Police service must `change the narrative` to tackle knife crime issue

A former officer who specialised in tackling violent crime has said more effort must be put into prevention than reaction to reduce the number of stabbings, as four fatalities pm New Year’s Eve underlined 2017 as a year of rising knife crime.

Jan 2, 2018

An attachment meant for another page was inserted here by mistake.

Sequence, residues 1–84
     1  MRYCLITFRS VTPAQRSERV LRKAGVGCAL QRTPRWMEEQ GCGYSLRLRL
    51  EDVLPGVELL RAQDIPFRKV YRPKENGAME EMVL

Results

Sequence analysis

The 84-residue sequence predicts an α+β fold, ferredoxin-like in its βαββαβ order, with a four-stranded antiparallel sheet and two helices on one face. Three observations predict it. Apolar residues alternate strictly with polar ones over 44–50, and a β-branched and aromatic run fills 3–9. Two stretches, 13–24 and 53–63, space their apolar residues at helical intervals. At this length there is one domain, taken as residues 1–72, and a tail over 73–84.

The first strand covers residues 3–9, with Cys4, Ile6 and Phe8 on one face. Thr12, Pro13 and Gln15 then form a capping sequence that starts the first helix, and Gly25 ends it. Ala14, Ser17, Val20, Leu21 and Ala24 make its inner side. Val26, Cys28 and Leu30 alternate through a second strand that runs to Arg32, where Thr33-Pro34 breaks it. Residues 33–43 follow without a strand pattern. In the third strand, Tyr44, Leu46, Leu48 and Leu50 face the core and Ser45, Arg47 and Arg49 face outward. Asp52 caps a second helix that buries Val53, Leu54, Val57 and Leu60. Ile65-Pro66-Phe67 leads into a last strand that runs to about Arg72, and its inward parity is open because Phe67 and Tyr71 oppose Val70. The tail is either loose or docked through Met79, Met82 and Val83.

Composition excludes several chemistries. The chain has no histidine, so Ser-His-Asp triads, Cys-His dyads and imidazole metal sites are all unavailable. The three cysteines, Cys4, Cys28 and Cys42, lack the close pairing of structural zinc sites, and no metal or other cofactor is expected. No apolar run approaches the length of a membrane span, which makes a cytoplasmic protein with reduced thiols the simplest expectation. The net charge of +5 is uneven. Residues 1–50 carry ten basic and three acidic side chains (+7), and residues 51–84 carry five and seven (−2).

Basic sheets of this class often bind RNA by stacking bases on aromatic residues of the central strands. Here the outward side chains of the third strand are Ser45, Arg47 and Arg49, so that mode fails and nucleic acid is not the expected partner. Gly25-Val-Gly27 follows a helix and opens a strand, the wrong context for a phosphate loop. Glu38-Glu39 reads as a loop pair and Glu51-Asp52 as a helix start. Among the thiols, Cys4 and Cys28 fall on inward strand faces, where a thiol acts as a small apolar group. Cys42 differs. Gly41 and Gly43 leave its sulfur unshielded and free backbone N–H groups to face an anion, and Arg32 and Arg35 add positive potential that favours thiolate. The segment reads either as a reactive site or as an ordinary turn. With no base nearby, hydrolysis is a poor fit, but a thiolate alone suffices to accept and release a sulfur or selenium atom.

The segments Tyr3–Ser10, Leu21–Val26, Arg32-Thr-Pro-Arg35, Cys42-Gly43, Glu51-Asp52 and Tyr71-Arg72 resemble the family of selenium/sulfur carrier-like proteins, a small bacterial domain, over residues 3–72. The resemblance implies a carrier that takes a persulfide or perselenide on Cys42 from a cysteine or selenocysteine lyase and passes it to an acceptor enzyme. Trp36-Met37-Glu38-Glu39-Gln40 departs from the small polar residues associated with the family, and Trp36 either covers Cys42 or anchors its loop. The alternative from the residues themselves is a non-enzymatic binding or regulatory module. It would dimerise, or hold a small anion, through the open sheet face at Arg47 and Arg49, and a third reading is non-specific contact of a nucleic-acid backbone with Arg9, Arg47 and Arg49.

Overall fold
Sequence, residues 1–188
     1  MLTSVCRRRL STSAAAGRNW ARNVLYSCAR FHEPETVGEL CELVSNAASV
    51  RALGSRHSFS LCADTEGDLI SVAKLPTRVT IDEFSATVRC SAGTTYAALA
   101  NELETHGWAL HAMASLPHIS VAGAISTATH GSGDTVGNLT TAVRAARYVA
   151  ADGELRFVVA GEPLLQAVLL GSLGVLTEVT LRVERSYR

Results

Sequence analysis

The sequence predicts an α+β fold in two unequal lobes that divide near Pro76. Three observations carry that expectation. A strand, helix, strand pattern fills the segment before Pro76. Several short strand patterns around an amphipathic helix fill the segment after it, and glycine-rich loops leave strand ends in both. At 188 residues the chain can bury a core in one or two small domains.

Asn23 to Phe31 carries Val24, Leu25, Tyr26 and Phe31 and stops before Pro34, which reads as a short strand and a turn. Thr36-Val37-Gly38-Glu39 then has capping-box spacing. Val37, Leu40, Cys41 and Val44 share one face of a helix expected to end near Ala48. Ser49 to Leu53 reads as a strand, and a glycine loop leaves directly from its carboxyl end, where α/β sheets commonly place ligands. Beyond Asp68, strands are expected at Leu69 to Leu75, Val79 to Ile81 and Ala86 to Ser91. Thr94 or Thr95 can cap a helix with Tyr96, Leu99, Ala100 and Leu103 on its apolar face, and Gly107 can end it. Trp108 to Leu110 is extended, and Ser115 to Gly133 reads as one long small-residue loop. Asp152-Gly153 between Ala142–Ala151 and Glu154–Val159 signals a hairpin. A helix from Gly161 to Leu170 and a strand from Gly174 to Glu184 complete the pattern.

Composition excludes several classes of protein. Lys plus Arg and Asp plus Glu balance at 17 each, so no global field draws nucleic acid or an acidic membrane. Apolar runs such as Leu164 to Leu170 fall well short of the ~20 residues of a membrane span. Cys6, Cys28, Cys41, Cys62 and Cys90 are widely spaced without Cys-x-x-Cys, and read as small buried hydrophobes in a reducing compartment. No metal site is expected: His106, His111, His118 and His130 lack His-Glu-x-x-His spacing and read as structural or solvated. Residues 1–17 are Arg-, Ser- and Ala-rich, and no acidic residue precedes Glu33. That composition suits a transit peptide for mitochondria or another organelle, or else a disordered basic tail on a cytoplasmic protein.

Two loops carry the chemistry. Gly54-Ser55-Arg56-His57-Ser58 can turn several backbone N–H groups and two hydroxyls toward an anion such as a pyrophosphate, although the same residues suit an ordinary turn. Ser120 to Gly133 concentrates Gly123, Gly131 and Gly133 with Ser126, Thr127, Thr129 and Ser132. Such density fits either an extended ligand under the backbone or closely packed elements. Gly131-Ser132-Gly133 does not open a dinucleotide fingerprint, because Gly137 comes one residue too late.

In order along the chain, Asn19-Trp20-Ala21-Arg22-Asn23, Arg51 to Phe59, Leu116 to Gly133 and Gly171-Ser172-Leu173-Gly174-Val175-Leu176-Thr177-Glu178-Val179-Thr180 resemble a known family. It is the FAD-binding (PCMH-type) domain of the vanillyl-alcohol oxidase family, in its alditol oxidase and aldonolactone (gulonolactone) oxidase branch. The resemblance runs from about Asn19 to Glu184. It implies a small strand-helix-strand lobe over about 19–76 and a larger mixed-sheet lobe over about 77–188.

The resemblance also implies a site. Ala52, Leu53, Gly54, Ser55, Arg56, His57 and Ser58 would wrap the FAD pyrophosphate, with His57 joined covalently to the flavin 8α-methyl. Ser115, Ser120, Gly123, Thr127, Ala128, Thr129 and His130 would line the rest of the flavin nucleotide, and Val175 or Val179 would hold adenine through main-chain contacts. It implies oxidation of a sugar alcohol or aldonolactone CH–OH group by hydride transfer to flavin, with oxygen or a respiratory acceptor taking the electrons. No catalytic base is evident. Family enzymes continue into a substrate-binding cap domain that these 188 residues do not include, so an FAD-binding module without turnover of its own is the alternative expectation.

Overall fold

A former officer who specialised in tackling violent crime has said more effort must be put into prevention than reaction to reduce the number of stabbings, as four fatalities pm New Year’s Eve underlined 2017 as a year of rising knife crime. John Carnochan, who co-founded the Violence Reduction Unit in Scotland, criticised messages sent out by police officers on Twitter, and instead suggested using a more positive public health model approach. His comments follow stabbings in London on January 31, which resulted in the death of four young men within 24 hours, and a fifth in critical condition. And five people were stabbed at a Great Gatsby-themed New Year’s Eve party at a bar in Sheffield. Two men in their 20s are in a critical condition while three suffered “superficial injuries”. “All we talk about is crime figures, knife crime, knife-enabled crime; we’ll soon be onto baseball bat-enabled crime and leather boot-enabled crime. It’s absurd,” Mr Carnochan said. “We need to talk about violence. These young men are violent on their own, in pairs, in groups, and in gangs. They’ll use a knife, they’ll use a brick, they’ll use whatever they have.” In June 2017, London Mayor Sadiq Khan launched a £7 million knife crime strategy, but the incidents on New Year’s Eve meant the total number of fatal stabbings in the capital reached 80 in 2017 alone – the highest volume since 2009. Mr Carnochan said there is a limit to what the Metropolitan Police Service (MPS) can do to tackle the rising tide of knife crime, and it will not be able to arrest its way out of the situation. “The same people who are profiled as carrying knives are also the ones who will be profiled as being the victims of knife crime,” he added. “These guys are carrying knives because they think everybody else is, and we have police officers tweeting pictures saying: ‘here’s a knife I took off the street tonight’ to make themselves feel good about it. “All they’re doing is confirming for these young people what the other guys are carrying, and they think ‘I better get myself one as well’.” He also highlighted a case in which Dr Gary Slutkin, founder of Cure Violence, was tasked with persuading young men in Uganda to wear protection during sexual intercourse to prevent the spread of AIDS. By simply changing the narrative that it was manly to use protection and everyone else was using it, the young men conformed. “We need to find a way of saying real guys don’t carry knives,” Mr Carnochan said. “We need to change the narrative.” “All we are doing right now is refuelling that negative narrative with these pictures and talking about it.” Following the fatal stabbings on January 31, MPS Deputy Commissioner Sir Craig Mackey called on Londoners to “pull together” to tackle the knife crime issue. He added: “From community weapon sweeps, proactive operations that happen daily and engagement with schools, Met officers are working 24 hours a day, 365 days a year as part of our firm commitment to reducing knife crime amongst young people. “We need to find out why some young people think it is acceptable to carry knives, and this is where community organisations and local initiatives, charities, schools and educators, youth workers and families all have an important role to play in changing this mindset. “We can all do more to protect young people, and I would urge anybody who has information about those engaged in violent crime to speak to police. Your call could help save a life.” In December last year, it was revealed the number of 10-17-year-olds cautioned or sentenced for knife possession offences had risen by 16 per cent in a year.

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